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Leave it all behind and head to Tahiti

mardi 11 juillet 2017

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  • Pêcheurs de nacre à Tahiti, Yvonne de Saint-Cyr, musée du quai Branly - Jacques Chirac
    Pearl fishers in Tahiti, Yvonne de Saint-Cyr, Musée du quai Branly – Jacques Chirac
    (C) RMN-Grand Palais (musée du quai Branly - Jacques Chirac) / Daniel Arnaudet

Evoking Tahiti means sparking colours, intoxicating smells, an expected languor and a wide range of imagery concerning the gentleness of life, inherited from the works of travel writers and poets and interpreted by painters and photographers.

English explorer Samuel Wallis discovered the island of Tahiti on 18 June 1767, but it was his French navigator Bougainville who named it "New Cytherea", to whom we owe the myth of an earthly paradise. In his travel journal entitled "Voyage Around the World", he describes a Tahitian society cut off from the rhythms of work and oriented towards a quest for pleasure: "I thought I was transported into the garden of Eden; we crossed a turf; covered with fine fruit-trees, and intersected by little rivulets which keep up a pleasant coolness in the air, without any of those inconveniences which humidity occasions. A numerous people there enjoy the blessings which nature showers liberally down upon them."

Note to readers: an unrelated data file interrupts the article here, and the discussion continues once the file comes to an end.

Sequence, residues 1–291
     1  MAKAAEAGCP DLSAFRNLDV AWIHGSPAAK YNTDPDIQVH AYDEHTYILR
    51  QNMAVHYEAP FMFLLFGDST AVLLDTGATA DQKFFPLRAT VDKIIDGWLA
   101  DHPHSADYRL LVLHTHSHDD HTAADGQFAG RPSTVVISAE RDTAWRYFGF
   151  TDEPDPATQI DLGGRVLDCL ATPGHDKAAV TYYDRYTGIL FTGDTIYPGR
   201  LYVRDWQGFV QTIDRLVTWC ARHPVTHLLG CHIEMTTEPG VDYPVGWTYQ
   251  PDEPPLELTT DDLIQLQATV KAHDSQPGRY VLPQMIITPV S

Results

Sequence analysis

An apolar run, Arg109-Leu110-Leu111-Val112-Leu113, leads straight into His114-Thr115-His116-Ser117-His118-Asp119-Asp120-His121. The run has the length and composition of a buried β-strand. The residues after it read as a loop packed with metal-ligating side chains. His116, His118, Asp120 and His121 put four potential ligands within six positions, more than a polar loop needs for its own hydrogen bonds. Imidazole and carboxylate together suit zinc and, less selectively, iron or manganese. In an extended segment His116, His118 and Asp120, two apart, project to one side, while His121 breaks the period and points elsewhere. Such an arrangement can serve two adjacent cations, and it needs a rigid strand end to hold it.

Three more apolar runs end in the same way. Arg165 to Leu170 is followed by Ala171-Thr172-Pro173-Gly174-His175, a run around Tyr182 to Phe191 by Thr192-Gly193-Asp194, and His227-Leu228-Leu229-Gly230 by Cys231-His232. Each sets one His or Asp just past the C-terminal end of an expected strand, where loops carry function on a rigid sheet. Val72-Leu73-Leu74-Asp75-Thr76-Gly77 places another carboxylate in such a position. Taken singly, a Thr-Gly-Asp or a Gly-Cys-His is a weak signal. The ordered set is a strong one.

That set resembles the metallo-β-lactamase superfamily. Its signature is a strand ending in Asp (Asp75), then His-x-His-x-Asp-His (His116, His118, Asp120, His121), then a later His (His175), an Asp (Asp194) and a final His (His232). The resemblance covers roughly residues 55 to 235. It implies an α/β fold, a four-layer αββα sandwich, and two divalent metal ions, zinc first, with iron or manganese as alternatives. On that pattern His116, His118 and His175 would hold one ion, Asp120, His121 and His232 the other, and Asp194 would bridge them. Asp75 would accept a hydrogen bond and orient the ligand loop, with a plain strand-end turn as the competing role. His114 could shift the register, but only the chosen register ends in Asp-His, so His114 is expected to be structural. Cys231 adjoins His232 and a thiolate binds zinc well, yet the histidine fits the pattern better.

The love affair of explorers with Tahiti had begun

James Cook, Herman Melville, Robert-Louis Stevenson all fell under the spell of the Pacific atoll. Paul Gauguin visited the island a number of times and produced several masterpieces inspired by the island and its flora. His journal Noa Noa demonstrates his amazement at his discovery of its nature and his love for the Maori civilisation.

Following in his footsteps, Victor Ségalen told of his meetings with the Aboriginals and manifested his fears that their knowledge and customs would disappear through proximity to western culture. "It was time to repeat incessantly, so as not to lose a single word of the beautiful original tongue: the masters assure us that it contains blossoming worlds, the birth of the stars, the moulding of human life, the ruts and monstrous labour of the Maori gods." 

In the 20th century, Romain Gary, Jean Reverzy, and Roger Parry helped to maintain the myth of this island of dreams, a postcard in which you can drop anchor.

In anticipation of the Grand Palais exhibition on Gauguin this October, here is a selection of works to launch your voyage.